FEMA visits former flood area

Published 11:09 am Monday, January 15, 2018

AHOSKIE – The Federal Emergency Management Agency’s (FEMA) Community Assistance Program recently visited the Ahoskie Creek Park Recreational Complex for a visit and tour according to the town’s Building Inspector and Code Enforcement Director Paul Vaughan.

Vaughan reported on the visit when he appeared before the Ahoskie Town Council at their January meeting earlier this week, as he attended the tour last summer of the complex along with FEMA officials.

It was this area of town near NC Hwy 42 South that severely flooded during Hurricane Floyd in mid-September 1999. An entire neighborhood was lost in the Edgewood Drive/Lakewood Drive area adjacent to Ahoskie Creek. The area housed multiple home sites and the homes there, which suffered significant flood damage, were purchased by FEMA, turned over to Hertford County and then returned back to the Town of Ahoskie.

Since the buyout, the town invested over a $1.1 million of its own money plus received near as much in grant funding to construct what became the Ahoskie Creek Recreational Complex.

Ahoskie has since participated in the Community Compliance Program as part of the National Flood Insurance Program (NFIP), a complete system developed to identify and resolve program deficiencies and violations, with the objective of obtaining community compliance with NFIP criteria.

The emphasis of the system is on correcting program deficiencies and remedying violations through community assistance and consultation prior to the initiation of an enforcement action by which communities must comply with NFIP floodplain management criteria and correct any problems, remedy past violations, and enforce ordinances for future development.

“It (FEMA visit) took place on August 21, 2017,” Vaughan said. “What it is it’s like a check-up, and I believe this is the first one we’ve ever had.”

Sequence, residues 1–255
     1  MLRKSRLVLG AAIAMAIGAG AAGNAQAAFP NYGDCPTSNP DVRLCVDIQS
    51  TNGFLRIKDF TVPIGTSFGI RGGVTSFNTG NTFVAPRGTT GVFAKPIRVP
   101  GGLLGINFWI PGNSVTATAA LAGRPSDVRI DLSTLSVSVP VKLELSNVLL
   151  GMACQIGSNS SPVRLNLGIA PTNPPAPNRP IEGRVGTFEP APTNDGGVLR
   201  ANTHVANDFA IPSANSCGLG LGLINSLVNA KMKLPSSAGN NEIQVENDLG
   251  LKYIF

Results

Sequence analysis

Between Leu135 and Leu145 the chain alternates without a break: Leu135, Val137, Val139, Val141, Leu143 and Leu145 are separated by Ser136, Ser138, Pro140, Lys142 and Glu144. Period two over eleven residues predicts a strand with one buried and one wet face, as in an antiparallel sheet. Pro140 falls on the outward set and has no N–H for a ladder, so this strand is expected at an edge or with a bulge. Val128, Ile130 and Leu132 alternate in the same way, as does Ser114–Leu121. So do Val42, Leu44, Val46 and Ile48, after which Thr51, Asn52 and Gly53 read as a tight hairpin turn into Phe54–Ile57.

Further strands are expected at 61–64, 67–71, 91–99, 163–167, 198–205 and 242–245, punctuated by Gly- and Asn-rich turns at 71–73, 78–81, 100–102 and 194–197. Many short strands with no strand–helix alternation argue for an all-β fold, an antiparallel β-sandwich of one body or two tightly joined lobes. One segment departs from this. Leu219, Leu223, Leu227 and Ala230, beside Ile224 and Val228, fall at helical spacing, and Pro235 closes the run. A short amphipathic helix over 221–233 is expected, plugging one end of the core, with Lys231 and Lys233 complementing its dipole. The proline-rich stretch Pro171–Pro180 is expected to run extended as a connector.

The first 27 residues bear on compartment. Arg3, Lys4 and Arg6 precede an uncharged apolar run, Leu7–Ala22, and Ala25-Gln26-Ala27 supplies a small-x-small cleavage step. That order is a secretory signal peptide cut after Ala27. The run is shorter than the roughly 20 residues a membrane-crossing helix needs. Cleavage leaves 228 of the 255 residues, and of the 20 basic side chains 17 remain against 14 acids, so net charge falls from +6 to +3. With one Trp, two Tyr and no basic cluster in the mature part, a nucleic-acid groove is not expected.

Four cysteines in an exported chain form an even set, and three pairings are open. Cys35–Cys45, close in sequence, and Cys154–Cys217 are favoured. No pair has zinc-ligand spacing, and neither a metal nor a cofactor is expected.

Vaughan went on to describe the criteria the inspectors were looking for.

“It consists of providing them with information and whatever changes we had to make,” the Director stated. “Of course, we’ve had a few ‘bumps’, a few things that were brought to my attention.”

Vaughan said of note were the bathroom facilities on Edgewood Drive near the amphitheater which was constructed in 2016, and the welded-steel origami Bear sculpture by Roanoke-Chowan Community College students and staff that is located on Camlin Drive.

“The bear should have been permitted as per FEMA regulations,” Vaughan said.

He said FEMA would be returning this month to review some things and that he would keep the Council updated.

Councilman Rev. C. David Stackhouse wondered how and why the sculpture came under scrutiny.

“Our bear should have been permitted before putting it out there,” Vaughan explained. “It’s a flooded area, so anytime you put any structure in a flood area you should go through the permit process. Elevation certificates could have been changed due to the flow of the water. Those are some of the things that were brought to my attention.”

“So what was the violation,” asked Town Attorney Buddy Jones.

Vaughan said the permit office would try to craft it back into their final report to FEMA in order to keep expenses down.

“We let them know we’re working on it,” answered Vaughan. “I’ll bring that report back to you as soon as we get all the details down for our response before their visit in January, but it might take as long as April before I know for certain what the town has to do.”

Vaughan said there would be some cost to the town in the form of professional surveyors and engineers to provide a notarized certificate for the necessary elevation, which he said could be expensive; but that the Inspections office would do all they could to keep those costs down.

“We have to make sure first that we’re in full compliance,” Vaughan said. “We have no choice in that because we don’t want to endanger our ability to secure these USDA loans.”

Once more, Vaughan assure the Council members he would have a report for them at the earliest, and that, hopefully, there would no cost to the town.

Town Manager Kerry McDuffie thanked Vaughan for his report and further informed the Board that after checking on the proper regulations, a FEMA permit has been secured for the construction of a gate at the Evans Street entrance to the park, near Academy Street. The Town Council approved the gate installation two months ago, but said it was the background check for the correct FEMA regulations was what McDuffie said had held up the process; but that work on the gate had already begun.

Vaughan concluded his report by informing Council that the Ahoskie Inspections Department will be hosting a dinner at 5:30 on Jan. 27 and inviting all area contractors to come out and meet with his office as well as local and state officials to encourage more building and construction in the Ahoskie area.